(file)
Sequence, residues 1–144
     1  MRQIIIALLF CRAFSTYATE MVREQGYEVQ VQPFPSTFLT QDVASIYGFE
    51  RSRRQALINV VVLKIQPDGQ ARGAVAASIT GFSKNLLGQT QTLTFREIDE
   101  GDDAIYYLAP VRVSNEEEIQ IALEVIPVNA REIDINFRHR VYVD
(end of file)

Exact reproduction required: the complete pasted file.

Sequence, residues 1–144
     1  MRQIIIALLF CRAFSTYATE MVREQGYEVQ VQPFPSTFLT QDVASIYGFE
    51  RSRRQALINV VVLKIQPDGQ ARGAVAASIT GFSKNLLGQT QTLTFREIDE
   101  GDDAIYYLAP VRVSNEEEIQ IALEVIPVNA REIDINFRHR VYVD